November 4, 2020

Adding analytics with Plausible Analytics

I've added Plausible Analytics to the main site; here's what it is and why.

Adding analytics with Plausible Analytics

Public site statistics for this website are now available at

Indroducing Plausible

A few months ago, I came across Plausible Analytics as a powerfully simple alternative to Matomo and Google Analytics. I was hosting my blog on Personal, and WordPress' rudimentary Jetpack got me by... basic stats, although still not great to work with.

Now I've moved this site to Ghost, a powerful headless CMS built on NodeJS which I have loved for years. It's made me want to write again, and a chance to try out Plausible, as well. So I took the time today to set up docker-compose in my DigitalOcean droplet where this site lives, followed the self-hosting setup, and after a bit of juggling ports with a nginx reverse proxy and setting up SSL with Let's Encrypt, we're in business!

Why Plausible?

This is a good question, and I want to be thorough.

Website analytics is a primary marketing tool in today's world: it is a strong indicator of how effective your content is in accomplishing the goals you have for it. If you're selling Alpaca hand-knit glittens on Etsy, you want to know how many people are viewing your mittens and how many poeple are buying them, which colors they like the most, and whether people are sharing your product on Facebook or Pinterest. That's analytics.

#1: Possible to not Google

For most people, if they have their own website, Google Analytics is the de facto standard when it comes to measuring web sites. It is a powerful tool and tighly integrated with Google's other popular services. I won't lie, I was tempted, a little.

But I have issues with Google, and that is primarily their main business model: selling people's data. This is why all of Google is "free": it tracks everything it can about what you do on the internet, all your habits of sites you visit and things you do, people you talk to, things you shop for. All of Google's product exist as giant funnels of your data in to the Big Black Box, from which Google tailors ad services to you; advertisers pay Google to use that tailored data to specifically target you with ads.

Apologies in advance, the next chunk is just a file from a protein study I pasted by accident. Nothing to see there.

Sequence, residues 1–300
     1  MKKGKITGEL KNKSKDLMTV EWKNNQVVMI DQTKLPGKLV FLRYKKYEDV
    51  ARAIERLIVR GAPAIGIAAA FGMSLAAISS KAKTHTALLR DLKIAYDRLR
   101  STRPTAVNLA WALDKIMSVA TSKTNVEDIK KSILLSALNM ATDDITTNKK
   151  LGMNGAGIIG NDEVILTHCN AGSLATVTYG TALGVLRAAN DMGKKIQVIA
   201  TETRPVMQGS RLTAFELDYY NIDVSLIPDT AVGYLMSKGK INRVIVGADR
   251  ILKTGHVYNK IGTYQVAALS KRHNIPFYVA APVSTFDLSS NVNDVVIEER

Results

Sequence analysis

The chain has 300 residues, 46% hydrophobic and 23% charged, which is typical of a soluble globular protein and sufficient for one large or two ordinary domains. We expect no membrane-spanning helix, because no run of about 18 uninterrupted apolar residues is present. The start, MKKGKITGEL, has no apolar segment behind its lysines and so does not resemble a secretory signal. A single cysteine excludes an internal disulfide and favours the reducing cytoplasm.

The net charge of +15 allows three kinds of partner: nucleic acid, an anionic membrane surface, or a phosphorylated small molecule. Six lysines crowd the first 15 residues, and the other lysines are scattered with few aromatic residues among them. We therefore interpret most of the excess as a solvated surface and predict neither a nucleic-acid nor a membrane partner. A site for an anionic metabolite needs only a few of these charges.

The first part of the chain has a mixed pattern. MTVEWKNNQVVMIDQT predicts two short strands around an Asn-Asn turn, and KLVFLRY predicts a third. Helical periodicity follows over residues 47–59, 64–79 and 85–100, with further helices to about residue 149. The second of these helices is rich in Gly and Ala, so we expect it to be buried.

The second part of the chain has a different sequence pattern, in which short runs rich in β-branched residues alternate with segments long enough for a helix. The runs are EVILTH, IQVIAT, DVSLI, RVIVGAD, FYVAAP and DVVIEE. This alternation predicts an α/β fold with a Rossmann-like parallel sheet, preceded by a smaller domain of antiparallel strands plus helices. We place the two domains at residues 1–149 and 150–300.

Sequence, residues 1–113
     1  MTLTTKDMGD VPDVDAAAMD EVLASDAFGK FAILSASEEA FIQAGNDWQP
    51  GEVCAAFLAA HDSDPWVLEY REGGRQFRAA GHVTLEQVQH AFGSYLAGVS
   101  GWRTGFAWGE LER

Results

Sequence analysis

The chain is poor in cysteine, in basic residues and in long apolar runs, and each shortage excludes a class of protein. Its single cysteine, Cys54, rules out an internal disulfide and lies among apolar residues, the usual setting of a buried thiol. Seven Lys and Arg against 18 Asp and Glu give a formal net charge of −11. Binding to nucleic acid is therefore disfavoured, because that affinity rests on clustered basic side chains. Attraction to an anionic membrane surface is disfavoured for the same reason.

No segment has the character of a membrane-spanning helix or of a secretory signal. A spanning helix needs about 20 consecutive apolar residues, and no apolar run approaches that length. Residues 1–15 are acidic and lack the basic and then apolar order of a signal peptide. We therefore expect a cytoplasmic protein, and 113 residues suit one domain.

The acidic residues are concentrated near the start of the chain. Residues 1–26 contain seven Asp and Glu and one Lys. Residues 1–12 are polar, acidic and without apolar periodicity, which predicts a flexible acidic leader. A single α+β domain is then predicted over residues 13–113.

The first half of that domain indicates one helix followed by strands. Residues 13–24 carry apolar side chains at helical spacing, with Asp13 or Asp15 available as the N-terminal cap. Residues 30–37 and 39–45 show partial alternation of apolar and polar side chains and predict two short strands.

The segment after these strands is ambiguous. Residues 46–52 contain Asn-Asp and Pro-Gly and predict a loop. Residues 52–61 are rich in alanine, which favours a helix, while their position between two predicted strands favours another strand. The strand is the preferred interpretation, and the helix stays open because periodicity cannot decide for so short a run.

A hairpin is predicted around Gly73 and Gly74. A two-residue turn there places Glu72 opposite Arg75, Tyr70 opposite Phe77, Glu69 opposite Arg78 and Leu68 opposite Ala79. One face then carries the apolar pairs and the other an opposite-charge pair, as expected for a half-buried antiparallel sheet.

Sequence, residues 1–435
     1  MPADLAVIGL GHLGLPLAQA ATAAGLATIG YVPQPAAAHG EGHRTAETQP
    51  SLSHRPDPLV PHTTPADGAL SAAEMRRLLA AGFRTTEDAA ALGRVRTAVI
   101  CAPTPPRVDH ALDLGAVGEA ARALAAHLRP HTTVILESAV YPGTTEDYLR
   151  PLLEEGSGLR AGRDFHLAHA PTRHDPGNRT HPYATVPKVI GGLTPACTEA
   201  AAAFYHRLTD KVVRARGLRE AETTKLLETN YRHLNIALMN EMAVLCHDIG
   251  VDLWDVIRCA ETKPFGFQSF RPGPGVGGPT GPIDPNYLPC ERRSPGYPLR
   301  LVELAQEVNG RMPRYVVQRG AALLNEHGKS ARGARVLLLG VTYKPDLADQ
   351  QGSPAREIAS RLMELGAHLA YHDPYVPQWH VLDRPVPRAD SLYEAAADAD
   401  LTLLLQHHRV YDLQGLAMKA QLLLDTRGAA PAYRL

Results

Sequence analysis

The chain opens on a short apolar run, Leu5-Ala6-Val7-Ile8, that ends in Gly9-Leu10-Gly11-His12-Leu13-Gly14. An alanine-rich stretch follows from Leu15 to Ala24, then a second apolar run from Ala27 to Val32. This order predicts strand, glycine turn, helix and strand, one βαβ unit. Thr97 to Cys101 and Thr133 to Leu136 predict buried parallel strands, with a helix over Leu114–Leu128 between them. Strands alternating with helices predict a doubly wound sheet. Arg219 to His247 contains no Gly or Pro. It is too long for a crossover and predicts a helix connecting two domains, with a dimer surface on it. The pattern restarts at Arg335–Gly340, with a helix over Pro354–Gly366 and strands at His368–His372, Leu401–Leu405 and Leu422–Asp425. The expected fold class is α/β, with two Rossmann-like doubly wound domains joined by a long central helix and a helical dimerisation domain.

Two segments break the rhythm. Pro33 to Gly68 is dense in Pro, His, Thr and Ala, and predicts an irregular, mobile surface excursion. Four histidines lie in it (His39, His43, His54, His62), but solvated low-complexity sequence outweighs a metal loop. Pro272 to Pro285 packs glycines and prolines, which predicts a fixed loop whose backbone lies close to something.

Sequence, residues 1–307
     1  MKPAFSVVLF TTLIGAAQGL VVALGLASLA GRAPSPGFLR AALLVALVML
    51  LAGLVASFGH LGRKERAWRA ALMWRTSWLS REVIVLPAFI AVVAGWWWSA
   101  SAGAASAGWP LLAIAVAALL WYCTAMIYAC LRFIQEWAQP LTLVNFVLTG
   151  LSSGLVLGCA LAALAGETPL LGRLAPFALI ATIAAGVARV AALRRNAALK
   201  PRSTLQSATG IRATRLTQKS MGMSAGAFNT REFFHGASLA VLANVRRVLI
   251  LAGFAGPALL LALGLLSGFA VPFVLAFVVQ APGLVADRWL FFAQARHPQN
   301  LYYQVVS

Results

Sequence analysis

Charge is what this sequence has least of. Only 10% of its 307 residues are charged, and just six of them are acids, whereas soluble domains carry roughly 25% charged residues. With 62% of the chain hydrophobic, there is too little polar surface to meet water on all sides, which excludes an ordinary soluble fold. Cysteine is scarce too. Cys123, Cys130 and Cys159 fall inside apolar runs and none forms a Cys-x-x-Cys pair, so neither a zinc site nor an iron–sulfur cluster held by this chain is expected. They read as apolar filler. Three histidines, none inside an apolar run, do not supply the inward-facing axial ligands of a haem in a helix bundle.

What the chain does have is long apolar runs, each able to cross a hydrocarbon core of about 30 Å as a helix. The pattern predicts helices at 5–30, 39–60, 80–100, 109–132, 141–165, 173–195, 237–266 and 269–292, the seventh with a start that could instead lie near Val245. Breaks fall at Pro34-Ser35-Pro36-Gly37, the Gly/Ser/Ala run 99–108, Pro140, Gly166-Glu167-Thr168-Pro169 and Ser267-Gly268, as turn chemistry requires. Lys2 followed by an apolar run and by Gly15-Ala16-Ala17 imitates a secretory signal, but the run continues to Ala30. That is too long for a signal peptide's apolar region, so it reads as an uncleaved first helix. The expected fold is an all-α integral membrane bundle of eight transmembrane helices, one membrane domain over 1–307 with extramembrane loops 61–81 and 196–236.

I'd rather pay for a service like ProtonMail outright than the pseudo-free Gmail, knowing that Gmail is trying to push me and my data more and more into Goolge's maw.

#2: Perfectly Lightweight

Sure, I'm injecting a little JavaScript in my site to run Plausible—a whopping 1.28kb of it. That is a fraction of the size of Google Analytics, and I'm loading it off a domain that I control.

It runs unobtrusively, it tells me when you stopped by, and it doesn't tell Google or Facbook or the Chinese Communist Party your were here.

#3: Plausibly Privacy Focused

I don't need to know your mother's maiden name (for analytics purpose, anyways). I don't need to know your thneed shopping habits. I don't need to know your IP address. There are no cookies. No cross-site tracking.

I know you were here, that's it. I don't know anything about you. Welcome!

#4: Pleasantly Open-Source

Go ahead, check it out. Contribute. Make it better! Nothing to hide.

#5: Pay or not—your choice

Choice is important. I like the challenge of self-hosting and let's be honest, I don't pay much at all to keep this blog running. That's the beautify of this combination, I don't need to sell my digital soul for "free" Google analytics.

I have the means to host Plausible myself, but many may not. That's fine! I highly encourage those with the need for solid, simple analytics to start a free trial, and check it out, and do support the growth of a new, powerful platform.If my site magically explodes in longevous popularity, I'll pay, too. Because it's good to pay money for quality services.